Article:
Fostering generations of apprentices in ABB Measurement and Analytics
A strong tradition of knowledge sharing leads to a world of industrial and manufacturing opportunity for ABB Australia’s Measurement & Analytics apprentices.
As Workshop and Projects Manager in ABB Australia’s Measurement & Analytics (M&A) team, Simon Dries is on a mission to design and implement continuous improvement in the group’s operations, and to maintain the great culture of a division that proudly supports the learning and development of many apprentices who go on to play a vital role in critical industries.
Simon started on his own path to dual apprenticeships — in Electrotechnology and Instrumentation & Control — with ABB back in 2009. He feels lucky to have been able to tap into “the knowledge of experienced service technicians who had commenced their apprenticeship with ABB some 50 years previously”.
He says keeping an open mind and listening are the keys to learning during an apprenticeship, which combines study at a registered training organisation with the application of skills in the workplace. Simon’s first role out of apprenticeship was as an M&A Service Technician, carrying out maintenance and troubleshooting on client sites, calibrating the instrumentation used in continuous water analysis and electromagnetic flow, and using gas chromatography to identify the different chemical components of natural gas.
Simon has already been involved in the groundbreaking Hitachi Zosen Inova (HZI) waste-to-energy plant in Western Australia. The $511 million dollar project converts waste otherwise destined for landfill into energy. As part of the process (burning waste to produce hot flue gas, which produces steam used to drive electricity-generating turbines) HZI is using ABB ACF5000 multi-component gas analyzer system to ensure the operation meets all environmental standards.
ABB M&A apprentices can pursue an almost immeasurable variety of opportunities. Asked what advice he’d give to people setting out to achieve an Instrumentation & Control qualification, Blake Harvey says, “Always have a can-do attitude and a willingness to take all kinds of experience on board, because even tasks that may seem small and annoying provide little lessons that can be applied and built on for bigger tasks.”
Specialist instrumentation and control apprenticeships typically lead to working with industries that require measurement of process conditions such as temperature, flow and humidity, which are vital to the safety of work environments, and the quality of outcomes.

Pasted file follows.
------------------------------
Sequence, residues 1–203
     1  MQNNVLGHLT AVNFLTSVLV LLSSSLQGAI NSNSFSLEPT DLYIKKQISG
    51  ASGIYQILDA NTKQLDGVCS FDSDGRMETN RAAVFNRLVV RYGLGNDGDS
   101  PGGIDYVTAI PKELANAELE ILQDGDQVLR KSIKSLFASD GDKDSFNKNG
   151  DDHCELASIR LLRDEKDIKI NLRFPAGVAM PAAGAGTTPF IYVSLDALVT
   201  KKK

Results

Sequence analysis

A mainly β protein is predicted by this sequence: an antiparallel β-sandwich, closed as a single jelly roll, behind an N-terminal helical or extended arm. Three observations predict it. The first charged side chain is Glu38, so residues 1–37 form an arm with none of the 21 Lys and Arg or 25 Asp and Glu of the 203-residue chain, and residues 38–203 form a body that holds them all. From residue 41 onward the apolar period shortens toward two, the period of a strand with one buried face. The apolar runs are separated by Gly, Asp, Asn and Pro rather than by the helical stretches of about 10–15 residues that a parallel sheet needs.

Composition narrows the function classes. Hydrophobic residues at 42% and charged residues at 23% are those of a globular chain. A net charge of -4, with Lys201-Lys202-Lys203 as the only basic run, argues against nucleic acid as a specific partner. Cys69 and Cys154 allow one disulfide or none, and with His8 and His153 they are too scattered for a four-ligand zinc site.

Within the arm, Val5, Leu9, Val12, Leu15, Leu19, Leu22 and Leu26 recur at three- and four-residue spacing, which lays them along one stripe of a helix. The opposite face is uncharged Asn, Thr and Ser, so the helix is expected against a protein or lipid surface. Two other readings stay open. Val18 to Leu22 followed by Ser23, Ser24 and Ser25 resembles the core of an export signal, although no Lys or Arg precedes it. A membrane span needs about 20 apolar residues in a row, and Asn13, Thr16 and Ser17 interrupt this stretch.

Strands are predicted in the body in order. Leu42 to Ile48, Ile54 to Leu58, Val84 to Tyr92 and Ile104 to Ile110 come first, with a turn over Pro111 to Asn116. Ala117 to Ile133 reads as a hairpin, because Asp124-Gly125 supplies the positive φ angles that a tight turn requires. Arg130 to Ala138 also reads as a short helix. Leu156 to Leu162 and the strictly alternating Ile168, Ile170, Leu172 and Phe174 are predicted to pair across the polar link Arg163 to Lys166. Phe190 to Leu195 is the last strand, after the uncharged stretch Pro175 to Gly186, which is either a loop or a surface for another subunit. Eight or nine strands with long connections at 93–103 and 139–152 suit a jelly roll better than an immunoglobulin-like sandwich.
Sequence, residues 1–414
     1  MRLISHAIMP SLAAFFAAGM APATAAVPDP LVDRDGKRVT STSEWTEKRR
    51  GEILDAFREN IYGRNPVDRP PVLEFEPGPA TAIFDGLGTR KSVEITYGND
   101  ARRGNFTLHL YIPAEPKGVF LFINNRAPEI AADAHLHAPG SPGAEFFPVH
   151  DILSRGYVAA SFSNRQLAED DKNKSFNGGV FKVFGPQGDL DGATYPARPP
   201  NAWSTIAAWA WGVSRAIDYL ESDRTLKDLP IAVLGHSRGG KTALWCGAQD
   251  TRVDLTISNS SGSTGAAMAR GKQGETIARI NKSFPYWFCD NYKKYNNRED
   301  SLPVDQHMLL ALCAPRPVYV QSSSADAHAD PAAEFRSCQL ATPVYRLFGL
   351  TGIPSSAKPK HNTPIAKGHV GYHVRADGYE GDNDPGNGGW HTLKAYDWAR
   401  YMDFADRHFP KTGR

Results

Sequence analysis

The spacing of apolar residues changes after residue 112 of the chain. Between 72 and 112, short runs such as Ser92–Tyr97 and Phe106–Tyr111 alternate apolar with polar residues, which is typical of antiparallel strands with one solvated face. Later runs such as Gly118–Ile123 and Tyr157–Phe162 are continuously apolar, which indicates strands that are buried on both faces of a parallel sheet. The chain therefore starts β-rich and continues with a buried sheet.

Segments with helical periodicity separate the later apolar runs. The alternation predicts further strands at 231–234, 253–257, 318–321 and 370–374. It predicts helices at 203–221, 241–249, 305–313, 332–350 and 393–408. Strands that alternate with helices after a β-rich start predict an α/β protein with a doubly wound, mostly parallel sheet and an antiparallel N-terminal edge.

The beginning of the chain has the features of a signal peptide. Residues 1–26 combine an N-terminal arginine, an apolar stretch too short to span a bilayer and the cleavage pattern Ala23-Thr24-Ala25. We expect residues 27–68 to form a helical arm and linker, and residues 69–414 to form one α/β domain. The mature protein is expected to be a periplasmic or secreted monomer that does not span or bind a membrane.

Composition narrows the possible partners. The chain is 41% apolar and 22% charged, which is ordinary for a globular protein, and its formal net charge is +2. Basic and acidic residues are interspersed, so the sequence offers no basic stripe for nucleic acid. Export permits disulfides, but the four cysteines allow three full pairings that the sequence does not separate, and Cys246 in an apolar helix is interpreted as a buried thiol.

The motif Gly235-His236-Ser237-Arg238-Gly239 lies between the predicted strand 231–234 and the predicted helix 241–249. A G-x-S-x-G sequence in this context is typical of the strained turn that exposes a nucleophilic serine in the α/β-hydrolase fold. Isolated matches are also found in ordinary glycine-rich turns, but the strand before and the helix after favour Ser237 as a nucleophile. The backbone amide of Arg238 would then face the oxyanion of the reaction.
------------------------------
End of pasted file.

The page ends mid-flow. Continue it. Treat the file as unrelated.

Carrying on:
ABB Service Technician Blake Harvey (pictured above) also applied “hard work and a positive attitude” to achieve dual trade qualifications from his apprenticeship begun in 2014. One of the greatest benefits of learning on the job in the ABB Measurement & Analytics environment, he says, was it built on his natural predisposition to do his best: “Everyone was always pushing me to do more and do better. There’s always room for improvement and I’m always chasing that extra one percent.”
Perhaps unsurprisingly, Blake now works on the quality assurance and programming of all meters that come through the M&A workshop, as well as attending to service of instrumentation on customer sites.
Service Technician Blake Wallis joined ABB in 2014 as an adult apprentice. He’d previously worked in an office and felt he was lacking a formal qualification. He found his passion in Measurement & Analytics, and says, “The apprenticeship made a big difference to my career.” Learning on the job, he carried out service work, and calibration and repair of process instrumentation. He has since worked on customer sites and on various projects for oil and gas majors such as Arrow Energy, ConocoPhillips, Santos and Woodside.
He says project and commissioning work can be very demanding, involving 60-hour weeks and steep learning curves, but the satisfaction of successful completion makes it exciting. In the service department, Blake Wallis says technical knowledge and customer relations go hand in hand. He wants ABB customers to experience the highest standards in both technical and people skills, so that the Measurement & Analytics team is always right in claiming to be “the best among our competitors”.
Apprenticeships are, says Blake, a great way to gain a qualification because “there’s no substitute for actually doing the work”. At ABB he says he has always felt surrounded by “a huge amount of knowledge and industry experience”.
Scott Chesworth, for example, commenced his Electrical Engineering trade in 1982 at Kent Instruments which was later acquired by ABB, and worked his way to becoming NSW Service Supervisor. He has a deep understanding of the application of the company’s Moorebank-based flow rig, used to calibrate flow meters essential to monitoring water or product movement in industries such as food processing, mining, farming and pharmaceutical manufacture.
Everyone in Measurement & Analytics, says Blake, “has always been open to sharing what they know with me”. At the same time, he adds, “they gave me the space and time to learn by doing”.
As Australia and the world seek to reduce carbon emissions from every sector, and secure the safety of essential water supplies, the M&A division is set to play a vital role at the cutting edge of emissions and water monitoring, and in new green technologies.